As the dust settles on Batman v Superman’s fourth weekend, things aren’t looking so good. Each week it seems to drop even more, breaking new records and spelling death for the DCEU. Sure, after a VOD release and a couple more weeks in theatres it will make some profit, but this is far below what the studio wanted.
This underperformance raises a lot of questions: Should DC continue their cinematic universe? Should Zack Synder be kicked off the upcoming Justice League (yes he should)? And what does this failure mean for superhero movies as whole?
But there is another questions that is seemingly being ignored about Batman v Superman's box office performance, a question that should shape the way the DCEU (as they insist on calling it) operates from this point forward; Is Superman actually a box office draw?
3, even 2 years ago this question would have seemed obvious. It’s Superman, how could he not be? But with the underperformance of Batman v Superman, and a look at how the Man of Steel has been performing as of late, it becomes a little more hard to answer.
Now to address this question, I think we have to properly define what a box office draw is. Many simply think of this word as meaning a brand name that can make money, but I think we need to look at the word in a different way.
A real box office draw is someone who can bring people in even if the movie is badly received. This is because, despite the bad word of mouth and terrible reviews, people have still chosen to go and watch it, just to see the character.
Batman, for example, can make this claim. No matter how terrible Batman and Robin was, it still managed to make over 230m worldwide, making it Warner Bros biggest grosses ever for that year. It made that money purely on the strength of the character, and wasn’t stopped by the atrocious reaction the film received.
Getting audiences in on good reviews isn't enough, any unknown property can do that, the character has to be able to do it in spite of critical hatred, to really be able to take this title.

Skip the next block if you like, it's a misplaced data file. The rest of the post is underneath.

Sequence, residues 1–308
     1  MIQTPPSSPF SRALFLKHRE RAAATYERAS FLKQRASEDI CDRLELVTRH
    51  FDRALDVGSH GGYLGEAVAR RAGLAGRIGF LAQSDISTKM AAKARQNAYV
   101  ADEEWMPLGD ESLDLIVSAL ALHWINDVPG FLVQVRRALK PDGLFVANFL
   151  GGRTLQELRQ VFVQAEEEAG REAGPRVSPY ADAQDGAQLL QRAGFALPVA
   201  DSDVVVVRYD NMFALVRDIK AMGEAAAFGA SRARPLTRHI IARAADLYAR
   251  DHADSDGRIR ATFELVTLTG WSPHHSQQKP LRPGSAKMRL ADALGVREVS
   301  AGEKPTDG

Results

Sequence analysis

And can Superman make this claim? Well, the short answer is no. Any Superman movie that has had even a shred of dislike has either bombed or very badly under-performed. Superman 4, basically this character's Batman and Robin, failed to even come close to its minuscule 17m budget, grossing only 15m.
It had equally negative reviews as Batman and Robin, and was again the fourth entry in the series, but this time the audience didn't care enough about the character to show up.
This was seen again, when, in 2006, Superman Returns absolutely collapsed worldwide due to poor word of mouth. The film made only 390m on a 200m budget, a huge loss for the studio at the time.
And, the thing is, the film wasn't even badly received. It held a respectable 76% on Rotten Tomatoes and a 7/10 average score, it was just the hate from the fans that turned audiences away. When simple twitter backlash is enough to kill a Superman movie, the box office power of the character becomes doubtful.
But let's focus on the positives; like Man of Steel, right? Well, not exactly. Although the gigantically budgeted reboot did perform decently to the tune of 668m worldwide, when the environment that the film was released in is taken into consideration, the results appear to be a little less super.
Man of Steel was released at the heyday of superhero franchises. Just that year Iron Man 3 made over 1.2 billion worldwide, and Thor was clocking over 640m. This should have been the perfect time for Superman to soar to Marvel level box-office heights, yet it stayed put around the “decent performance” range.
Man of Steel made less worldwide than (deep breath) The Amazing Spiderman 1 and 2, Iron Man 3, Captain America: The Winter Soldier, Deadpool, X-Men: DOFP and all 3 original Spiderman movies, just to name a few.
With a character as popular as Superman it should have easily crossed over these lesser known heroes, yet it sits far below them. So, even the success of Man of Steel has to be taken with a grain of salt, as it shows that even at his height Superman is no match for a multitude of other characters.
So, looking at all the evidence, it seems doubtful that Superman is actually a box-office draw. He can’t get audiences in when he gets even a little criticism, and even when he manages to break out, his numbers pale in comparison to almost all other superheroes.
I know it seems impossible, but Superman might just not be a draw for audiences. But I’m not going to say this definitively, so it’s up to you to look at the evidence and decide for yourself whether this is true or not.
Please leave your thoughts in the comments, and, if you enjoyed this article, check back later to see when I post a new one.